AACE 2011: New Agents for the Treatment of Diabetes


Research shows promising results for PPAR modulators, long-acting GLP-1 receptor agonists, SGLT2 inhibitors, and other new classes of diabetes treatments.

Research shows promising results for PPAR modulators, long-acting GLP-1 receptor agonists, SGLT2 inhibitors, and other new classes of diabetes treatments.

Three new classes of agents, dual PPAR (peroxisome proliferator-activated receptor) modulators, long-acting GLP-1 (glucagon-like peptide 1) receptor agonists/analogs, and SGLT2 (sodium-dependent glucose cotransporters) inhibitors, show promise for improving outcomes for patients with diabetes. The exciting findings were presented by Robert R. Henry, MD, professor of medicine at UCSD and director of the Center for Metabolic Research at the VA Medical Center in San Diego, at the 20th Annual Meeting and Clinical Congress of the American Association of Clinical Endocrinologists. Henry was also the recipient of this year’s AACE Frontiers in Science Award.

Henry began his presentation describing the phase II and III clinical trial findings involving aleglitazar, a dual PPAR modulator acting on both PPAR-alpha and PPAR-gamma. The SYNCHRONY study was a phase 2 dose-finding study in patients with type 2 diabetes mellitus (T2DM). The primary endpoint in the placebo-controlled study was change in HbA1c from baseline. Findings revealed significant dose-dependent reductions in HbA1c and fasting plasma glucose (FPG) compared to placebo. “Perhaps the most intriguing aspect of treatment with dual PPARs is their ability to lower lipid profiles through activation of PPAR alpha,” he explained. The relative efficacy and high tolerability of aleglitazar resulted in continuation onto a phase III study, ALECARDIO. Currently underway, the study evaluates cardiovascular outcomes in patients with type 2 diabetes mellitus who experienced a recent acute coronary syndrome event. Started in February 2010, the international study’s goal is to obtain 950 events in 2.5 years. Patients are randomized to aleglitazar or placebo, and receive standard care for their conditions. “This is a very pivotal study, explained Henry. “If it turns out to be positive, there will be an indication for acute coronary syndrome and other conditions. We will know in the next few years.”

The second class of drugs he focused on was the long-acting GLP-1 receptor agonists/analogs. Results from a 16-week phase II trial of albiglutide revealed significant (p<.004) and dose-dependent reductions in HbA1c for patients receiving 30-mg weekly, 50-mg biweekly, and 100-mg monthly, compared to those receiving placebo or open-label exenatide. FPG levels were also significantly lower for patients on albiglutide compared to placebo. Gastrointestinal (GI) side effects were observed with higher doses of albiglutide and exenatide. Reductions in HbA1c were observed with dulaglutide in a study of patients with diabetes for 8 years. Dose-dependent weight reduction was also noted, but higher doses of the drug did result in more frequent side effects. Phase III studies with taspoglutide were halted in September 2010 due to hypersensitivity reactions and gastrointestinal side effects.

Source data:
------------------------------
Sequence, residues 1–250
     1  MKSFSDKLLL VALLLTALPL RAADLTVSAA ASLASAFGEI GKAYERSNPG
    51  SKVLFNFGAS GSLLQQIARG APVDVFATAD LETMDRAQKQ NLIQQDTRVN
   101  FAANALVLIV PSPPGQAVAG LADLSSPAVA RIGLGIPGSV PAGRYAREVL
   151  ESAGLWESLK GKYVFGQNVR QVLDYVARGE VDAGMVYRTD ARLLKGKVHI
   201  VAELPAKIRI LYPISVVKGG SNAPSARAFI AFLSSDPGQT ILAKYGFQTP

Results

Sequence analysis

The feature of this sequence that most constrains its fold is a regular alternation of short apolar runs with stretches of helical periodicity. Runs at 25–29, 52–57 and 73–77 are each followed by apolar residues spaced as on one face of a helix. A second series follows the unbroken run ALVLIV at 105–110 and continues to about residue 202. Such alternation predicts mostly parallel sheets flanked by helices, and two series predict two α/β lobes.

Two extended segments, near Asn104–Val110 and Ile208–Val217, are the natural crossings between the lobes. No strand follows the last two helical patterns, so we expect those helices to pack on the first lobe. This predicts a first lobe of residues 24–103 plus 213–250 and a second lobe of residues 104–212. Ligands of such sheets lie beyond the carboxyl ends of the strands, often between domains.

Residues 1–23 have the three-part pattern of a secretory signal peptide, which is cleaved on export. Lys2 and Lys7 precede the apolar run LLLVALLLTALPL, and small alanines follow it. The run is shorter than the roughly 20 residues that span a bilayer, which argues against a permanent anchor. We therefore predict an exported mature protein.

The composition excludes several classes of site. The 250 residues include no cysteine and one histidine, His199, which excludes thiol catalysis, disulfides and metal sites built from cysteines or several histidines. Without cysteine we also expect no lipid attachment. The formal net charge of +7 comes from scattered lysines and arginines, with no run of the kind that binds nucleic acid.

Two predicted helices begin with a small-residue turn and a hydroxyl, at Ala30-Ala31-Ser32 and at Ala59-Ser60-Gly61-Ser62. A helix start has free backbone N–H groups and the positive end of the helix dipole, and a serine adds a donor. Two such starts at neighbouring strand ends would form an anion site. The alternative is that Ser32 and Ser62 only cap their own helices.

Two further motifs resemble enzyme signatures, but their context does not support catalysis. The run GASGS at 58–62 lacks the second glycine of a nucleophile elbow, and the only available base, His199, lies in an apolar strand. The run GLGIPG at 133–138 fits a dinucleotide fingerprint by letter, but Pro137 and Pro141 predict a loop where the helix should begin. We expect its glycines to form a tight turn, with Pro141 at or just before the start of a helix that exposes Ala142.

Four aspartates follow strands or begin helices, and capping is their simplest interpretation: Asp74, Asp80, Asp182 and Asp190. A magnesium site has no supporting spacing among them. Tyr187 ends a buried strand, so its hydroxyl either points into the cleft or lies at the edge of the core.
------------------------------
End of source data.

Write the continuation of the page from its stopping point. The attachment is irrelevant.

Finally, Henry discussed findings from two studies of exenatide, which employs biodegradable polymeric microspheres that entrap the medication, allowing gradual delivery of drug at controlled rates. The Exenatide Once Weekly (EQW) study found larger decreases of HbA1c and FPG in patients receiving the drug once weekly compared to those receiving the drug twice daily. At the end of 30 weeks, patients in each group had lost approximately 4 kg, but the weekly dose had lower incidences of nausea and vomiting. The DURATION 3 study compared exenatide weekly with insulin glargine and found similar reductions in HbA1c over time. However, achievements in HbA1c targets were significantly greater with exenatide, as well as reductions in weight and waist/hip circumference. Henry summarized that the clinical implications of the longer-acting GLP-1 studies showed “greater efficacy at lowering HbA1c, greater reductions at FPG, effects on body weight appear to be preserved, and variability and incidence of GI side effects appear to be less.”

Henry concluded his talk by describing the third class of drugs, the SGLT2 inhibitors. “Under normal circumstances, virtually all glucose is filtered through the glomerulus, therefore SGLT1 and SGLT2 are often targets of drug development,” he said. In a study evaluating dapagliflozin as an add-on to treatment in patients with T2DM after metformin failure, results found reductions in FPG, HbA1c, and body weight compared to placebo. There were some increases in UTIs, but no significant incidences of hypoglycemia. Similar findings were observed in a study with canagliflozin, which is currently in phase III trials.

Overall advantages to the SGLT2 inhibitors, according to Henry, are “weight loss, low risk of hypoglycemia, and blood pressure lowering, and the effects are independent of insulin.” He said that concerns include “polyuria, electrolyte disturbances, bacterial UTI, fungal genital infections, and other effects not yet known.”

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